Our pastor wasn’t pleased that his newspaper had been arriving late each morning—for two weeks. So he impatiently stood at his front door, ready to verbally pounce on the newspaper deliveryman and unleash his anger over the tardy papers. Before he did, however, he thought better of it. Instead, he asked, “How’s it going, Tom?” When he did, he found out that Tom’s house had burned to the ground two weeks before. He and his family were homeless. Tom had recently picked up extra work on a local farm to earn more money. Now he had to wake up even earlier than usual. It had been the worst two weeks of his life.
In 1997 Singapore experienced the Asian financial crisis. Many people couldn’t find jobs—including me. After nine months of sending out countless resumes, I finally landed a job as a copywriter. God provided for my needs! Then the economy plummeted again because of the SARS outbreak. And, once again, I was jobless.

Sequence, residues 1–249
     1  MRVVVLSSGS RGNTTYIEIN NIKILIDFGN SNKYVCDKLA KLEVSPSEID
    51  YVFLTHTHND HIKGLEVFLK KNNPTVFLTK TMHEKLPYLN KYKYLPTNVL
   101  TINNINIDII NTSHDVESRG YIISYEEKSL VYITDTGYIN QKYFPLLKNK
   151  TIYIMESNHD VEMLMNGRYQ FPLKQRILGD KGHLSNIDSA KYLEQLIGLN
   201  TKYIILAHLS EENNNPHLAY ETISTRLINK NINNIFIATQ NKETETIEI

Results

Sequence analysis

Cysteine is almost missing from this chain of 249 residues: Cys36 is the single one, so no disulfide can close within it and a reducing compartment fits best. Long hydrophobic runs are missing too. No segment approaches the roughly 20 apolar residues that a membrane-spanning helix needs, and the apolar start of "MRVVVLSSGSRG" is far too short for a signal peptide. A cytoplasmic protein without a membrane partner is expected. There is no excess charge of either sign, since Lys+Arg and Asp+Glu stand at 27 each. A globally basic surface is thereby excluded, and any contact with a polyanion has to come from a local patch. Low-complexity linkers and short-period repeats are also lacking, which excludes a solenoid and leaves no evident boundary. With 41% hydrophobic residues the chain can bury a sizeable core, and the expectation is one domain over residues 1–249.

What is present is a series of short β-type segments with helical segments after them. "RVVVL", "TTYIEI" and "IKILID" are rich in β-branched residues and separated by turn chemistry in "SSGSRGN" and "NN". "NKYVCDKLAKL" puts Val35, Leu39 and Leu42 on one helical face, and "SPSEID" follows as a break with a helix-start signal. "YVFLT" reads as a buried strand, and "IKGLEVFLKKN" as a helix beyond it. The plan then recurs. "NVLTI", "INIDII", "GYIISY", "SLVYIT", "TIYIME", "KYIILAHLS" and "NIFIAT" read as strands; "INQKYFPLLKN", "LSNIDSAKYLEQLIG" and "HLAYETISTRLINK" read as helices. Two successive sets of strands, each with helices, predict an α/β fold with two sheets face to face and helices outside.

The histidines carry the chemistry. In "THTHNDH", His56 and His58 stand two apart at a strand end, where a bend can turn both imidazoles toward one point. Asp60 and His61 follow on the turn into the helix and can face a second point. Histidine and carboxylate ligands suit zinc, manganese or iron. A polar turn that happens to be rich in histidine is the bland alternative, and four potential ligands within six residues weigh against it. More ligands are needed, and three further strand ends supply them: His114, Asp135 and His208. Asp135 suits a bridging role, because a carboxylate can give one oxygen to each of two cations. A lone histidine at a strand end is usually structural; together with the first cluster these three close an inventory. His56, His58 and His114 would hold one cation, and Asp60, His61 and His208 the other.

If there’s a frustration more annoying than overly complex or—worse—incomplete instructions, I’m not sure what it is. Automated answering systems, perhaps? “Your call is important to us. Please listen carefully to . . . blah, blah, blah.” That’s why I so appreciated this serene simplicity from a New Zealand-based company: “If the GPS has been recently used, you should get a fix almost immediately. If it hasn’t, put the GPS outside with a clear view of the sky and have a cup of tea.”
Heather Kampf is an exceptional runner with impressive credentials. She once took first place in a 600-meter race after falling flat on her face! In the final 200 meters, just as she took the lead, Heather tripped and fell hard, leaving her at the back of the pack. She could easily have become discouraged and accepted what everyone was thinking—her race was over. But she didn’t stay down. Instead, Heather sprang up and immediately started catching up. To the amazement of everyone watching, she went on to win the race.